A Firewire for Electric Vehicles, Growing Federal Cannabis Reform

Electric Vehicles | Legal News

One Cable to Rule them All

Electrification of farm vehicles and equipment face challenges from their heavy weight and long run times, but engineers at Purdue University and Ford Motor Company have taken a big step towards solving recharging issues with a new electric charging cable. The new cable will fully recharge electric vehicles in about 5 minutes, roughly the same time needed to fill a gas tank. By using a unique liquid-to-vapor cooling system, the cables are able to carry more current without overheating. Patent protection has been applied for on this new technology and Purdue researchers plan to work with electric vehicle and cable manufacturers to test cable prototypes on specific vehicle models.

Federal Reform for Cannabis Continues to Grow

Another bill to reform federal cannabis law was introduced this week by U.S Rep. Nancy Mace, the freshman Republican from South Carolina. Called the States Reform Act, the bill would remove cannabis from the list of federally controlled substances and allow States to craft their own cannabis regulation. Other key concepts in the bill include:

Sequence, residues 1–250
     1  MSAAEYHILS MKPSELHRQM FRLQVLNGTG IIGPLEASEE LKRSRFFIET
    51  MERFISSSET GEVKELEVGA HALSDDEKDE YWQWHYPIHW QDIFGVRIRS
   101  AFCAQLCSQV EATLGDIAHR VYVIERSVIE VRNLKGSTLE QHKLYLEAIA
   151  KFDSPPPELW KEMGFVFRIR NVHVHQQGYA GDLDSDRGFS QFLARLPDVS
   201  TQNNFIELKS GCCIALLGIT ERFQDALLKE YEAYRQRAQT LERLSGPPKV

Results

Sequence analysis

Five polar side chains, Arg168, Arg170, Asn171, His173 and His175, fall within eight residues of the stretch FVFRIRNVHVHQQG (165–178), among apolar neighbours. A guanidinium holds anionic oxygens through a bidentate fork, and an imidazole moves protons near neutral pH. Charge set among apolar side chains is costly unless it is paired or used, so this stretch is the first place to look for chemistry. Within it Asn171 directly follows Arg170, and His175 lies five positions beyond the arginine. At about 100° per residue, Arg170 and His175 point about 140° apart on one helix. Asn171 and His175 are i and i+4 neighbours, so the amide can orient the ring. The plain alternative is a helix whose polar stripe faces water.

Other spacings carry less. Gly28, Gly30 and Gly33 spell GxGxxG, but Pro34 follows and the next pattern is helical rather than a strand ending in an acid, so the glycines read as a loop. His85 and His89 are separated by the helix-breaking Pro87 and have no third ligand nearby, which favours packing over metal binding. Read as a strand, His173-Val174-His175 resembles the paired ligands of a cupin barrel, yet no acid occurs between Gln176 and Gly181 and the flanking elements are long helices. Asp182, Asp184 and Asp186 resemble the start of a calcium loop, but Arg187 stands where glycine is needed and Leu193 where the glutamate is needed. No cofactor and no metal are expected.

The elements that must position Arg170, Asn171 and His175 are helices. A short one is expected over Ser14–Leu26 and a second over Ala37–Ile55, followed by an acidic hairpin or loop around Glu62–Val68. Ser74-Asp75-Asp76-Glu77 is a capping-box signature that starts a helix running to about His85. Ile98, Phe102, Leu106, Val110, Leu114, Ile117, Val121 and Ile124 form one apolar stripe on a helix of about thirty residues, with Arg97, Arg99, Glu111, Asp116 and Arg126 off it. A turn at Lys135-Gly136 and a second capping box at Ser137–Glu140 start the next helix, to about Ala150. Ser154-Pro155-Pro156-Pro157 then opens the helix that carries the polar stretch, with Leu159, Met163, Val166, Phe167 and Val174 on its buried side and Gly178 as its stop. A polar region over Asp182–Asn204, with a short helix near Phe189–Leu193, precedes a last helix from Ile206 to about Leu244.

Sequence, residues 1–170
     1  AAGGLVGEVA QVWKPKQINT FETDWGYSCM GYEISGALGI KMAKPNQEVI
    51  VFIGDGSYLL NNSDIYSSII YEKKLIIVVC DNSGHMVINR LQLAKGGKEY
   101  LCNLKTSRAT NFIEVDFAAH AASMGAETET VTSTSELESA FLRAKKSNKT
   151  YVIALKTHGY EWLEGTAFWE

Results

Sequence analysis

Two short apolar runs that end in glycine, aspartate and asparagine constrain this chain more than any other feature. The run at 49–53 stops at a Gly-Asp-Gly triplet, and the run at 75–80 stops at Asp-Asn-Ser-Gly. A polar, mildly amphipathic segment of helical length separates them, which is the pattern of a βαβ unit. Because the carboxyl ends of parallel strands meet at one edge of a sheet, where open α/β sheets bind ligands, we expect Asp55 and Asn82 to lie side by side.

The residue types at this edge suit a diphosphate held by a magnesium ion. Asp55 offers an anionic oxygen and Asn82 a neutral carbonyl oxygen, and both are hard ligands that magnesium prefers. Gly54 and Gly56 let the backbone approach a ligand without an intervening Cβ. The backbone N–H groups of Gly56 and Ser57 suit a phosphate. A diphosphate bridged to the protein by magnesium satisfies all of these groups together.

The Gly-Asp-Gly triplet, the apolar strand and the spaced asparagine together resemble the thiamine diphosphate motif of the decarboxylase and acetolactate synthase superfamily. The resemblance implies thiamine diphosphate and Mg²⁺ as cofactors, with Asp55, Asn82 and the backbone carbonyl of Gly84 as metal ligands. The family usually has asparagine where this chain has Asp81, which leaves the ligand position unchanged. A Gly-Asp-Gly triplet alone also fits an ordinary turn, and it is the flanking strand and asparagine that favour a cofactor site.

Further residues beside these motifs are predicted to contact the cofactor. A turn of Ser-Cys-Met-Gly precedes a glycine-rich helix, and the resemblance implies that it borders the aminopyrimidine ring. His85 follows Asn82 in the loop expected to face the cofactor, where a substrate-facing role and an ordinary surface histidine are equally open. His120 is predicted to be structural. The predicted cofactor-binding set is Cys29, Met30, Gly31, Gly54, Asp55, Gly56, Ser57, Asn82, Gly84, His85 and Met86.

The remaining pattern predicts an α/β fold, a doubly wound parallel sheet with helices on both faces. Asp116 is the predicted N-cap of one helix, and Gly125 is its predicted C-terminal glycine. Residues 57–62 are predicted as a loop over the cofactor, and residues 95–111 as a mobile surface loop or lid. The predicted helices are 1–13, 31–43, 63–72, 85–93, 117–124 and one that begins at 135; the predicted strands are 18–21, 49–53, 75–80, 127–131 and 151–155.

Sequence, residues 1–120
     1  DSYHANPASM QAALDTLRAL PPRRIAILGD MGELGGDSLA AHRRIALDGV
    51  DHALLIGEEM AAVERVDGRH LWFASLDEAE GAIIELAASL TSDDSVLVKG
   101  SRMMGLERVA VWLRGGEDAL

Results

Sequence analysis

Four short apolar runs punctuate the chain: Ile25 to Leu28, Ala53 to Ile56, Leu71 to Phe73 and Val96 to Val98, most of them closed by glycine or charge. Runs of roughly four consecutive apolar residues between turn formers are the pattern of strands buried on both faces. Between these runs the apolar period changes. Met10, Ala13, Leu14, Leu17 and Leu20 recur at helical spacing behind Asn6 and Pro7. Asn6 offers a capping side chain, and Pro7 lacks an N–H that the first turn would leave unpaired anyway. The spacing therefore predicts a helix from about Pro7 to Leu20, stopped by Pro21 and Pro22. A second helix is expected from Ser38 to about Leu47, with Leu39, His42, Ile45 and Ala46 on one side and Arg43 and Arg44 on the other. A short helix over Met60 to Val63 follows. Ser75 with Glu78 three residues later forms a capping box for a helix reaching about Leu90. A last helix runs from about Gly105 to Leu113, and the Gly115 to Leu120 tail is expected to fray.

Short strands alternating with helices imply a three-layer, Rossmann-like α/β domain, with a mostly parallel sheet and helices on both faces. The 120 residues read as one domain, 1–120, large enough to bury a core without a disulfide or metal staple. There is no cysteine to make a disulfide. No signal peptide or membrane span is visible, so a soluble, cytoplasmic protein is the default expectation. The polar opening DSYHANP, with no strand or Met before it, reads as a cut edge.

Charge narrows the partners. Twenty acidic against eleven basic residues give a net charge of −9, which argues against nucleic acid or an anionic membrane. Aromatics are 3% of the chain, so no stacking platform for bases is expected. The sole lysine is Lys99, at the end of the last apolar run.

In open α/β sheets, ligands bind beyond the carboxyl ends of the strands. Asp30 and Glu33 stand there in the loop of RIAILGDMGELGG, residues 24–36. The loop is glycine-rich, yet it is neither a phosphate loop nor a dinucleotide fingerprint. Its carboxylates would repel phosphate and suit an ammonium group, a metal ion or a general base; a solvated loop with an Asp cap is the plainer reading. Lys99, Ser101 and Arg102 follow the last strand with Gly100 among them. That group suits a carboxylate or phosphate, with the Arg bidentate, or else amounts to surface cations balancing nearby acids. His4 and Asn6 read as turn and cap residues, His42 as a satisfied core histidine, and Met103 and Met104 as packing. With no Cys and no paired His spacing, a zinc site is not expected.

• At the federal level, cannabis would be treated similar to alcohol, prohibiting sales to those under 21 and splitting industry oversight among the USDA, FDA, ATF, and the Treasury Department.
  • Establish a 3% federal excise tax on cannabis products, a rate low enough to keep black market products from gaining an advantage.
  • Giving cannabis businesses access to support and financial assistance from the Small Business Administration.

Mace’s bill joins other legislation that has been proposed to de-criminalize cannabis, including the MORE Act. Mace pointed out that currently all but 3 states have authorized some form of legal cannabis, leaving existing federal regulation woefully out of step.

Dicamba-Resistant Waterhemp found in Illinois and Tennessee

DTN recently reported that weed scientists in Illinois and Tennessee have confirmed populations of dicamba-resistant waterhemp in both States earlier this month. The Illinois population is resistant to 6 herbicide groups, and the Tennessee population is resistant to 4 groups. The Illinois population was somewhat alarming because it was in a field that was not heavily treated with dicamba, suggesting that it may have developed metabolic resistance.

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